Occasionally, malware prevents your anti-malware tools from running, or is designed in such a way that anti-malware tools may not be able to actually eradicate the infection while Windows is running.
One of the most common solutions in the past has been to boot your computer from a DVD or USB drive that contains its own operating system, bypassing both Windows and the malware that might be interfering. Once running, this isolated operating system can run anti-malware tools that are much more likely to resolve the issue.
Windows 10 actually built in this capability. Without needing to download anything, you can boot your computer into “Windows Defender Offline” – a copy of Windows 10’s built-in anti-malware tool, running in a separate, isolated, dedicated copy of Windows 10.
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It’s important to understand exactly which “Defender” we’re talking about, since Microsoft continues to confuse us with their choice of product names.
Windows Defender Offline is, effectively, the same Windows Defender anti-malware tool that comes with Windows 10.
Running Windows Defender Offline
There’s nothing to download. Windows Defender Offline is already installed in Windows 10.
Click on the Start menu, and then the gear icon in the left-hand column, to run the Settings app.
In the Settings app, click on Update and security.
On the resulting page, click on Windows Defender in the left-hand column.
On the resulting page, scroll down to locate the Windows Defender Offline section. Make sure any open documents are saved and any running programs or applications closed. Click Scan Offline to begin the scan.
The Windows Defender Offline Scan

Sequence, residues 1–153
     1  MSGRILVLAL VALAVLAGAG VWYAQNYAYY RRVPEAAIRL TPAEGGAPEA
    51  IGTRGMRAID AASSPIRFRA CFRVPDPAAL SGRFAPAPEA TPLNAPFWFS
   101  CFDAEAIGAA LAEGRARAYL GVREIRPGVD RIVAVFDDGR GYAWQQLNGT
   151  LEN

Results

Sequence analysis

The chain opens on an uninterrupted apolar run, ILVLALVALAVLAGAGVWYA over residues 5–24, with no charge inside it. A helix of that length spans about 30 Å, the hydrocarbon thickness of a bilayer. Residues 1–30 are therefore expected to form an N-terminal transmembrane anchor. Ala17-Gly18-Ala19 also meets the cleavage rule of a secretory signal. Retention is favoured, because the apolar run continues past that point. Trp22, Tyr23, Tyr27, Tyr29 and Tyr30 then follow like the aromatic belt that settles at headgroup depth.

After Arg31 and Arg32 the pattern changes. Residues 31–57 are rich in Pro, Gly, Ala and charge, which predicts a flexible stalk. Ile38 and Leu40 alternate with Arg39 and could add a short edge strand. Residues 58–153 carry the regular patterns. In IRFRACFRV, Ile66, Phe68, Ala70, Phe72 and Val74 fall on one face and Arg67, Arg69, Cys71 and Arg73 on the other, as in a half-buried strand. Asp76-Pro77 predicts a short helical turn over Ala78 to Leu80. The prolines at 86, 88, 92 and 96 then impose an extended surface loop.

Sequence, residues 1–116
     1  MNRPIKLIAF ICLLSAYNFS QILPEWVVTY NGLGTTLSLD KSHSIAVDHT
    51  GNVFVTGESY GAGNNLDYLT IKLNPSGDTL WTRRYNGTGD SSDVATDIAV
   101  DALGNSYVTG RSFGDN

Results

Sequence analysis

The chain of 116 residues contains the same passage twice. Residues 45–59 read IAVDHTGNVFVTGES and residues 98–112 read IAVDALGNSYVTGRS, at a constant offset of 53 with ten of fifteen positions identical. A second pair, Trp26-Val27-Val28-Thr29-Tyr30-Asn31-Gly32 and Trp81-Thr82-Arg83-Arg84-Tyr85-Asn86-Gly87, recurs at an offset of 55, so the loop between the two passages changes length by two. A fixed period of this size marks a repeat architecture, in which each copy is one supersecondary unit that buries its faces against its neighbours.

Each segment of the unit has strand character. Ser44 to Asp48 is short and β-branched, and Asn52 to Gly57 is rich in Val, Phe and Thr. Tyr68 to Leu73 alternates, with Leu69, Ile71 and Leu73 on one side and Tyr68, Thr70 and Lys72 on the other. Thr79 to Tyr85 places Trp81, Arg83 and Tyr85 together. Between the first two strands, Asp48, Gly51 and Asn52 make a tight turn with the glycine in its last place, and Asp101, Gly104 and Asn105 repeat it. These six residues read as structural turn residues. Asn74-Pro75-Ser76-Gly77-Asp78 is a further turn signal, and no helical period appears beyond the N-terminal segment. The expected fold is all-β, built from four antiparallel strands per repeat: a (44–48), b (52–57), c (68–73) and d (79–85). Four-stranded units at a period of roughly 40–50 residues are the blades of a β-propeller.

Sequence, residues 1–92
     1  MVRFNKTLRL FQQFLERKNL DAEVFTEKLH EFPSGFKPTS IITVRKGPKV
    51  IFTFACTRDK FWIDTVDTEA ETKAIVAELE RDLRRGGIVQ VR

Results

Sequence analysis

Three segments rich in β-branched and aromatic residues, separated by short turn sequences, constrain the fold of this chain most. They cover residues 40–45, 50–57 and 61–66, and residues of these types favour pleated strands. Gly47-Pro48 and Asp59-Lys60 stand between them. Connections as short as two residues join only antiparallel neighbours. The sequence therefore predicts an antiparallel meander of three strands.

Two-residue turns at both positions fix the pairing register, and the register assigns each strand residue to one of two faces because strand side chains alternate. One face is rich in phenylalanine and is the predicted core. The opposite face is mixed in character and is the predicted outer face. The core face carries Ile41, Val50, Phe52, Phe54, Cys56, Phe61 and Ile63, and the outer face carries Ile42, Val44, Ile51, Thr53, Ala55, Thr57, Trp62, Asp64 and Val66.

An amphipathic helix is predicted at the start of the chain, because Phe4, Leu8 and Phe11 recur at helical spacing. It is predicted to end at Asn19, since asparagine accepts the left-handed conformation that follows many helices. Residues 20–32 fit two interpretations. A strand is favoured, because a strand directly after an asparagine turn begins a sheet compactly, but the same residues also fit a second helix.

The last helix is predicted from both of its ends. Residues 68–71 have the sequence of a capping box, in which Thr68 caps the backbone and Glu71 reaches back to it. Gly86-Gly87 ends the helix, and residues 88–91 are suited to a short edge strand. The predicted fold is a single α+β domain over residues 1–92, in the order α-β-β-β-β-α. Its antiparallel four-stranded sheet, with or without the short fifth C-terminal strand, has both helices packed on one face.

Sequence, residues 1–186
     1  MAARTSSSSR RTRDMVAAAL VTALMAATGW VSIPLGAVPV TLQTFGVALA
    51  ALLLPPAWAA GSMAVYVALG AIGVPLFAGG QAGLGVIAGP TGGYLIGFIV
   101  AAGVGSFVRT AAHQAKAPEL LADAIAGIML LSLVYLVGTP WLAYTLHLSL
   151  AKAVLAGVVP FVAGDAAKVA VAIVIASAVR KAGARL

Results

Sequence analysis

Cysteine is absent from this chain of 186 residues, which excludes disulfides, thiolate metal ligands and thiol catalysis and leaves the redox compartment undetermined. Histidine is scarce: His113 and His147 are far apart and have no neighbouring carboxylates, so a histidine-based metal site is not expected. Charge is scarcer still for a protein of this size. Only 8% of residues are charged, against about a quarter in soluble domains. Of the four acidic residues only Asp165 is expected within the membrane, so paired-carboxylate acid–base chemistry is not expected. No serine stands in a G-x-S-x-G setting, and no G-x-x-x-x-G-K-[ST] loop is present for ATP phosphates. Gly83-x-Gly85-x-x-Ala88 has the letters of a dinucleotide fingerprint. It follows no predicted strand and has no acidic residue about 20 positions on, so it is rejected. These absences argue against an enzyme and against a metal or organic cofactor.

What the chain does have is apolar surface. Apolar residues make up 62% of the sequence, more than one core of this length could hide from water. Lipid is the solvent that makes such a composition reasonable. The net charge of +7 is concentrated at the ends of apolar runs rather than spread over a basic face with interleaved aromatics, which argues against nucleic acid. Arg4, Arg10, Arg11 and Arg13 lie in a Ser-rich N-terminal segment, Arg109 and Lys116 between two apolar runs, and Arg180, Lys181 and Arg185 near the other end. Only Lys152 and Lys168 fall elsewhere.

Your machine will reboot and then automatically run Windows Defender Offline.
It will then automatically perform a scan of your machine.
If anything is found, it’ll be dealt with and reported.
Once the scan is complete, your machine will reboot again, returning to your normal Windows installation.
To locate the results of a Windows Defender scan, run Windows Defender. Using the Settings App, return to the Windows Defender page as detailed above.
This time, click on Open Windows Defender.
In Windows Defender, click on the History tab to see a list of malware detected in prior runs.
You may need to click on a View details button for the actual list to be displayed.
When Windows Defender Offline doesn’t work
Since Windows Defender Offline is actually stored on your machine, it’s possible it could be damaged – perhaps by the very malware you’re attempting to remove. Similarly, it’s possible that the process of running it – which is initiated within Windows – may not work due to the malware’s presence.
In situations like this, you need to run a different off-line anti-malware tool.
I’ll provide a list soon.
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